Writer: Joe Hill
Artist: Stuart Immonen
Colorist: Dave Stewart
Letterer: Deron Bennett
Cover Artist: Jeremy Wilson
Editors: Mark Doyle, Amedeo Turturro
Publisher: DC Comics
Writer Joe Hill and artist Stuart Immonen invite readers to test the dark waters in Plunge #1. Giant squids are washing up on shore, sea worms are going cannibalistic, and a long-time sunken oil ship is reemerging from its watery depths with a crew that is still very much all hands on deck.
After a tsunami hits Massacre Bay of Attu Island near Alaska, an old exploration vessel called the Dereleth begins sending out a distress signal. The only problem is that the Dereleth has been sunken for nearly 40 years with no surviving crew members. We are then introduced to the main players of the story, each with their own backgrounds and agendas related to excavating and exploring the Dereleth. There’s the marine biologist tasked with collecting the rare samples aboard the Dereleth, the in-over-his-head oil company worker sent by his bosses to retrieve their long forgotten vessel as a PR stunt, and the rough and brash captain of the salvaging crew and his two witty crew mates.
As first issues go, Plunge is relatively standard-fair as Hill sets up the necessary background and tone of the story, allowing readers to acquaint themselves with the characters and the horror they will soon be encountering. The issue is filled with quite a bit of exposition, but it moves along at a brisk pace thanks in part to its interesting premise and Immonen’s art, reminding readers that this is a six-issue miniseries and that the horror will soon be ramping up in the coming issues. Where the issue falters is with its characters who are being sent in after the Dereleth. They’re likable enough and each have their own quirks, but for the most part, they’re there just to give readers the necessary context before diving into the larger story.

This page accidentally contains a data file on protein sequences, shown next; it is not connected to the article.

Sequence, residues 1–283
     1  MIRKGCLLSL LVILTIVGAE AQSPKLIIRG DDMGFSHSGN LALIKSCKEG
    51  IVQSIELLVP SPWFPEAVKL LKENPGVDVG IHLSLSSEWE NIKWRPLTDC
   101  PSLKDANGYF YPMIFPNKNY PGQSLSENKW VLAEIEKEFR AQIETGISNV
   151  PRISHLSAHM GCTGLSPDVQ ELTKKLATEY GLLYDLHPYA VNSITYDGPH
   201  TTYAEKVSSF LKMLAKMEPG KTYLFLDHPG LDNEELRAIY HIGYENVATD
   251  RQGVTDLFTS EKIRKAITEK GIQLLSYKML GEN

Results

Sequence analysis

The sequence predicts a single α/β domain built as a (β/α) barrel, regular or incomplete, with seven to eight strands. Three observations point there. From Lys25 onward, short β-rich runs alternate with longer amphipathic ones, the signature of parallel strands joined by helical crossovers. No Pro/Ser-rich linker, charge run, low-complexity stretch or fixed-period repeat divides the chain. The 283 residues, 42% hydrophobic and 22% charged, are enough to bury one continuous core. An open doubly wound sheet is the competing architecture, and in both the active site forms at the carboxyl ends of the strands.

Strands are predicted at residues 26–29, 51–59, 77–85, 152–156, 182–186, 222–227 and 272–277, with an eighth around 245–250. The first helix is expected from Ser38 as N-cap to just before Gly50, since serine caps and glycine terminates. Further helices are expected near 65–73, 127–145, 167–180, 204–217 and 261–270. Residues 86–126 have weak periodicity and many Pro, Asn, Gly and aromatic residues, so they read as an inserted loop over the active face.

Though much of the dialogue in this issue feels like exposition, Immonen’s art helps give each character more of an identity, especially with interactions between the hardy captain of the salvaging crew hulking over the dorky oil worker. But it’s the very few moments of dread and horror in this issue where Immonen really shines, leaving readers eagerly awaiting more deep-diving horror. Colors by Dave Stewart also help set the dark mood once the salvaging crew sets sail and arrives at the island, signaling a turn for the more horrific after the calm before the storm. Bennett’s lettering gets the job done in an issue that needs to establish a lot of things, and it’ll be interesting to see what they can do once the story delves underwater and the characters meet some of the more monstrous creatures lurking in the depths.
This issue could very well just be suffering from first issue-itis, and I think Hill is an experienced enough writer that we can expect to see some more interesting character beats as issues come out. But for now, the art and the continuing mystery of the Dereleth is what is propelling this story forward.